n Middle Tennessee, especially in several highly desirable neighborhoods, our market has picked-up substantially. In fact, well-priced homes are whizzing with offers while other, beautiful homes sit. And sit…and sit.
One home-seller I recently met at a dinner party commented she felt like the proverbial bridesmaid in the home market. Her home was clean, professionally decorated and was receiving lots of showing requests yet no offers. None. After 3 months on the market, she was exhausted with quick-home-pick-ups for last minute showings, constant cleaning and her kids were over it. However her husband was being relocated so they didn’t have a choice. She wanted to know what more she could do.
Respectful of the Realtor Code of Ethics, as her home was listed with a colleague at another agency, I asked her about her home price–how did she feel it was priced. She responded they are at the price they have to have and won’t go below it.
Not the first time its been said nor the last, so I asked a few other questions.
How many showings per week had she had? At first there were a lot and two came back for second showings. Then it slowed.
Had they changed their price during that time? No.
Did her husband’s company offer a relocation buyout? No.
How did she, her husband and agent come up with the price? It gave them enough for a downpayment on their next home.
How many homes in her neighborhood or that are in competition with her home has she looked at from buyers eyes? …..What?
Similar homes to hers, same features, similar price, how many Open Houses had she seen? We don’t believe in Open Houses. And we are relocating, I thought you understood. Why would I look at homes here.
**Pregnant Pause**I hadn’t intended to irritate but find out why her home hadn’t sold though I, and likely any other agent, knew the market diagnosis at this point, she just needed to see.
Weeelll, you wouldn’t… unless you wanted to sell here. …..Oh.
Clearly that wasn’t the end of our conversation, but for blog purposes its a good stop.
What happens when a home has been on the market for 3-4 months and hasn’t sold? What do you think about it?
What’s wrong with it? Why hasn’t anyone else bought it? It’s priced too high. It needs updating.
A home-for-sale is like bread in the pantry- it has a shelf life. When first offered it’s extremely desirable; then it becomes stale and finally when no one else offers and buys its simply a discard.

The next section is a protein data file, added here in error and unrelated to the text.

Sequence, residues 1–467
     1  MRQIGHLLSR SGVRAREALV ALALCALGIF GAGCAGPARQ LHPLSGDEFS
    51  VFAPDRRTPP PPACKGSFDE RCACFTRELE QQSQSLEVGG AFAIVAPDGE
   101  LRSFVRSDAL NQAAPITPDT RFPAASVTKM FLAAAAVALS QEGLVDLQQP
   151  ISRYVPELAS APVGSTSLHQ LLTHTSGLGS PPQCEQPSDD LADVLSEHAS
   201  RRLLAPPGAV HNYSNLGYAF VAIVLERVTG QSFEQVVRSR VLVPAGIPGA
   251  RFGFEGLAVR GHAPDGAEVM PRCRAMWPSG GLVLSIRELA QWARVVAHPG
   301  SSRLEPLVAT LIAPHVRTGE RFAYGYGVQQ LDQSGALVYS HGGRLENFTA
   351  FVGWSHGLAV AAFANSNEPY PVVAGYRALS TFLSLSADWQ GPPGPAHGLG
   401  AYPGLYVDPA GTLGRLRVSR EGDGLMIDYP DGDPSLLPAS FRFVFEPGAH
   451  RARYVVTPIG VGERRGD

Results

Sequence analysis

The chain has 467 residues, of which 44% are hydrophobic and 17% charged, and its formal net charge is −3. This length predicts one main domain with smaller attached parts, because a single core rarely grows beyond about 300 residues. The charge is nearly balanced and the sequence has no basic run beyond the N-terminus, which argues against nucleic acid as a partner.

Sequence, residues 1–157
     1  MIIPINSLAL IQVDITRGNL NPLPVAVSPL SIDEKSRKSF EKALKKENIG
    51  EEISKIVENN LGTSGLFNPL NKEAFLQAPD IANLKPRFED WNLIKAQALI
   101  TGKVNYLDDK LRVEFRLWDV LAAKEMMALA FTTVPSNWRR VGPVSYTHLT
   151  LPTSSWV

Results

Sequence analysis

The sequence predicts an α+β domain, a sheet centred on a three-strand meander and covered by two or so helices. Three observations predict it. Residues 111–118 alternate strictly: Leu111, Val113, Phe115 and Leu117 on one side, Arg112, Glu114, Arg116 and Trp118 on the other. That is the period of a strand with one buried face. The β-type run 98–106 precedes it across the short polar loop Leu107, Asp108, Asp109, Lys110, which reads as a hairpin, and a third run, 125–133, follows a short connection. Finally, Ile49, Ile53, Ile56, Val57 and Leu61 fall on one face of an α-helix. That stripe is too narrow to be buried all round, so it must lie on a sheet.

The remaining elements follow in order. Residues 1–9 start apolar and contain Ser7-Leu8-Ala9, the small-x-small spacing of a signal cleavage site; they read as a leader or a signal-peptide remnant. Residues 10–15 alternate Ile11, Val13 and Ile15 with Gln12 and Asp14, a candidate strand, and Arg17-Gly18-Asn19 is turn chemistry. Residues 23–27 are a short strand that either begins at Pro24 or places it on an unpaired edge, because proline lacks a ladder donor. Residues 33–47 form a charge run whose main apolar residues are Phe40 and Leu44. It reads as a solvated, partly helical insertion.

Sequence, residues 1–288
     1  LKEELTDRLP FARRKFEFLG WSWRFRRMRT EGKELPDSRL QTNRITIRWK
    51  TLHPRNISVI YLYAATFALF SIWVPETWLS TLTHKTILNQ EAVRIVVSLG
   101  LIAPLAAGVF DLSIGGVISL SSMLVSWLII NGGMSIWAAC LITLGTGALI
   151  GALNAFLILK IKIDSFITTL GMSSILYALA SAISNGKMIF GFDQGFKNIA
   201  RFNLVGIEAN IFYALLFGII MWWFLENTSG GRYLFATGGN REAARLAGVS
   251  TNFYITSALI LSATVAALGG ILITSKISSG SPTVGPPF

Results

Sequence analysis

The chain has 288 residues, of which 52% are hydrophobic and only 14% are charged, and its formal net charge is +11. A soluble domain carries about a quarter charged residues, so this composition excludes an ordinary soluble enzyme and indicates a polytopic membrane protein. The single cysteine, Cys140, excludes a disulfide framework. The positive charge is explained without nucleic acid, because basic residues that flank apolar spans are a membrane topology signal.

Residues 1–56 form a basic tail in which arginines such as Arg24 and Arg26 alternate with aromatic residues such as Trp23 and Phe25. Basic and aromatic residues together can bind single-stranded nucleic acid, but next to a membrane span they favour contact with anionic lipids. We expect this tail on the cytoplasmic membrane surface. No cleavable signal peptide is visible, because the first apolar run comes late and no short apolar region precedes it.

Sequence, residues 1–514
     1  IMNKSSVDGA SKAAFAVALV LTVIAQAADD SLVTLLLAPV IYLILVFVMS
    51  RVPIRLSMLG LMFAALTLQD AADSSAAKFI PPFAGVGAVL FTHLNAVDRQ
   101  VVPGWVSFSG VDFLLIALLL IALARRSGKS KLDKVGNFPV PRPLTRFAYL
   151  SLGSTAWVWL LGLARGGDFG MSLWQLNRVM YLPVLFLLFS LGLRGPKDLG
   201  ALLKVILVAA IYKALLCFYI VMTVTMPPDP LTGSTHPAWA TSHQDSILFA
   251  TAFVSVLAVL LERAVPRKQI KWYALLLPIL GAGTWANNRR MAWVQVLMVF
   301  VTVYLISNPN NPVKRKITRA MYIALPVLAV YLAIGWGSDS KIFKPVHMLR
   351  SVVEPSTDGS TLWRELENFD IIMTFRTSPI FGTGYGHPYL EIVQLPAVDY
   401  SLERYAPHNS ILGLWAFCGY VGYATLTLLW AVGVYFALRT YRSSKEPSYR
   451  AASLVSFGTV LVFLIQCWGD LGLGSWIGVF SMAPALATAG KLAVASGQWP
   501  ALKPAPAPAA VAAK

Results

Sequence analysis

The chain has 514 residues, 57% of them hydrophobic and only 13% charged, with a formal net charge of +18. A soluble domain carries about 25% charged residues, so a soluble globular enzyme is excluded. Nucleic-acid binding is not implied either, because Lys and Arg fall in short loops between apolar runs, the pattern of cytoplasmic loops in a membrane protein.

(tons of showings if priced reasonably, if none-to-a-few showings its priced out-of-category; then second showings no offers-the buyers choose other homes; after 90-120 days on the market its old-news and waiting for price reduction.
With that in mind, how do you turn a stale listing into the Prom Queen:
1. If you’ve had offers but considered them too “lowball,” try revisiting your goal. Why are you selling (this isn’t the market to just “test”, be honest)? What is the lowest price you find acceptable, and consider anything more as icing on the cake. Take (almost) every offer seriously. Counter-offer if its unacceptable. You don’t want to alienate a potential buyer who has solid financing because you’ve set your sights unrealistically high.
2. Go to Open Houses in your neighborhood if possible. Keep yourself educated on your competition.
3. Ask your listing agent to talk to buyer agents who have shown your home or ask your agent to host a Broker Open House. The feedback from their clients/colleagues can guide you in making home repairs, toning down your décor, making landscaping improvements and the like.
4. Do whatever it takes to be away from your home during showings and open houses. The presence of sellers makes it difficult for prospective buyers to take their time or talk openly with their partner and agent.
5. You belong in pictures...Videotape your house, inside and out. Watch the tape as if you were a prospective buyer. Is the lawn weedy or the garden bare? Is your home uncluttered and spotlessly scrubbed? Sparkling-clean houses sell faster than those that look too lived-in or show an abundance of the owner’s personality.
The market is turning and homes are selling. If you have a question, I’ll be happy to (try to) answer, even outside Tennessee. Shoot me an email or post a comment.
Happy home buying and selling,